Photo credit: Consentino
So much has been and continues to be published about green that I am challenged to bring something relevant and new to the topic of sustainable kitchens. The green conversation now happens much sooner in the design process. Before product selection begins, I have my “elevator speech” about a few key categories that you find in the kitchen. Inevitably, we use huge natural resources to design and build products that become part of our living environment. To some degree, I can effect change by guiding the client to choices that have less impact on the current environment while in the long run have the greatest green value because of the minimal amount of energy the client will consume and the natural products they can use to maintain their products’ appearance.
Cabinets Although bamboo is green in many ways, consider where it comes from. The same applies for African woods, like sapele and mahogany. Although these woods may fall under the guidelines of a certified-forestry program, the carbon footprint to bring these products into the U.S. is huge. Our native woods species are excellent choices for cabinetry. Alder, cherry, maple, walnut, vertical grain fir and oak continue to be the most popular choices. Salvaged and reclaimed woods have found niches in custom cabinetry, as well. Waterborne finishes have improved dramatically in their quality and durability.
Cooking surface Consider induction. The efficiency is not only in energy savings, but also in the amount of time it takes to heat and cook.
Countertops Get over granite and move on to a more responsible choice. Few see the hole in the earth from the quarry, comprehend the amount of energy it takes to fabricate and polish the slabs or consider the chemicals used to seal the porosity of the stone. The choices are increasing for eco-based products, including countertops made from paper and composites using recycled glass and ceramic material bound by environmentally friendly resin. Not only does how it’s made need to be part of the selection process, but also how is it cared for. Does it use a hazardous chemical product or will a dilution of white vinegar work?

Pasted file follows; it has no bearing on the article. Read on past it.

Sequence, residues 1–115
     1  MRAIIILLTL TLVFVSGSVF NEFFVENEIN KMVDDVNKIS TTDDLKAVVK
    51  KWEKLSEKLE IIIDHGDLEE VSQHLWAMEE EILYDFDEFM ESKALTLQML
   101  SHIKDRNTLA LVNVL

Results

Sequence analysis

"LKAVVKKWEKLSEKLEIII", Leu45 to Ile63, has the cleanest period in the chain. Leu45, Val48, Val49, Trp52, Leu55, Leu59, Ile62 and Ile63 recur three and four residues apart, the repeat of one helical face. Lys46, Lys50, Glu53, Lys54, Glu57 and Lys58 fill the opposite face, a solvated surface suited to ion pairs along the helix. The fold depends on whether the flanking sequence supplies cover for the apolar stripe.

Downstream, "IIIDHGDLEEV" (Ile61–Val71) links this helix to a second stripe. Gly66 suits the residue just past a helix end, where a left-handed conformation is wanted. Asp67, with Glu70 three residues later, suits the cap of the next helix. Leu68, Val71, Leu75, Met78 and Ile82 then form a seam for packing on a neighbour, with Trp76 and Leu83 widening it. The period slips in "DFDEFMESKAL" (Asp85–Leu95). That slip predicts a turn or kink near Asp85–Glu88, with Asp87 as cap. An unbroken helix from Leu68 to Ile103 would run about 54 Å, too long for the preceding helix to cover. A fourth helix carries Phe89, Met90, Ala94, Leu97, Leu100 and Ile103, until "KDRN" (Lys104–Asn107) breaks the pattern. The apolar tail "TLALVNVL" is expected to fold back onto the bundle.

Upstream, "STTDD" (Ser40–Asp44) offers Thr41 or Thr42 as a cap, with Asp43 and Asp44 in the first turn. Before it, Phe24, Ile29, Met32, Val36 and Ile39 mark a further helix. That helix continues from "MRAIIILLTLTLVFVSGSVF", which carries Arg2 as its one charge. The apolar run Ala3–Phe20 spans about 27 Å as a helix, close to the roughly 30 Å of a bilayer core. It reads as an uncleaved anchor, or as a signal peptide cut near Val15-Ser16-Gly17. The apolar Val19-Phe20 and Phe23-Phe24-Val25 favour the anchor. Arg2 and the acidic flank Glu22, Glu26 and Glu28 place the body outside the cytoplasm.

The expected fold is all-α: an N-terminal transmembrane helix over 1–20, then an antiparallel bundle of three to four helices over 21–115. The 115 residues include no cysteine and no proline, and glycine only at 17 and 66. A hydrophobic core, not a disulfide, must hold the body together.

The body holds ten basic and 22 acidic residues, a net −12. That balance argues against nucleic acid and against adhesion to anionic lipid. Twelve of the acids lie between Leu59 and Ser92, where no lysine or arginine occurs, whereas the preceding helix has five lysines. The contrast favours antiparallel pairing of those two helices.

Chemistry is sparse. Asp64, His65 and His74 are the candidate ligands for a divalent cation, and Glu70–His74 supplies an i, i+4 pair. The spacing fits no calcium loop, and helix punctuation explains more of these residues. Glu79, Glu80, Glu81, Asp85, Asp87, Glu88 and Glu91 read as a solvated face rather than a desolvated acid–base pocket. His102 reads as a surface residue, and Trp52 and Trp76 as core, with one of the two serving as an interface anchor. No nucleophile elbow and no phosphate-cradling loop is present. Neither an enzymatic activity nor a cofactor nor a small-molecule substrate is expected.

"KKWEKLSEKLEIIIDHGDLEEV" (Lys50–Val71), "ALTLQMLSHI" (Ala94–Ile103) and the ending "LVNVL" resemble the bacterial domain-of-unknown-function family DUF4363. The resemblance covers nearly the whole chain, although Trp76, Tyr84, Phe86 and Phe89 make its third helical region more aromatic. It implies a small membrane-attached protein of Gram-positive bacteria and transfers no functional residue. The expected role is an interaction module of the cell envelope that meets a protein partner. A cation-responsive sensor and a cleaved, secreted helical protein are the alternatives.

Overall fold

Dishwashers Spend money on a better quality unit. It will last longer and give you more options. The initial expense will pay for itself in money saved on energy, water and the cost of having to replace a cheaper model in five to 10 years. Use air to dry the dishes instead of the heat option.
Faucet Water aerating and low-flow faucets are becoming the standard. The addition of air and a sensor in the faucet mechanism reduces the overall usage but does not compromise the feeling of full volume. Using low-flow faucets contributes to less groundwater and distribution pumping, less sewer water reclamation and less wastewater treatment. Water-saving fixtures lower water costs today and may reduce the need for costly water reclamation and treatment programs in the future.
Flooring Cork, tile and wood are great product choices. Consider a reclaimed or repurposed wood floor with a tung oil finish. It can be time- and labor-intensive in the application but provides a superior water-resistant finish from a natural product.
Refrigerators If you have to have the water and ice dispenser, make sure it is on the outside of the door. The cold air escapes when you open the door to get ice or water and then the compressor kicks on to restart the cooling process. A smaller, point-of-use refrigerator drawer for frequently used items can offset the initial cost through the energy savings realized on the smaller appliance.
Judith A. Neary is a professional instructor for the National Kitchen and Bath Association. She is currently part of the Jenn-Air Design Advisory Council, an ongoing forum of industry experts offering commentary about a variety of kitchen and design industry topics.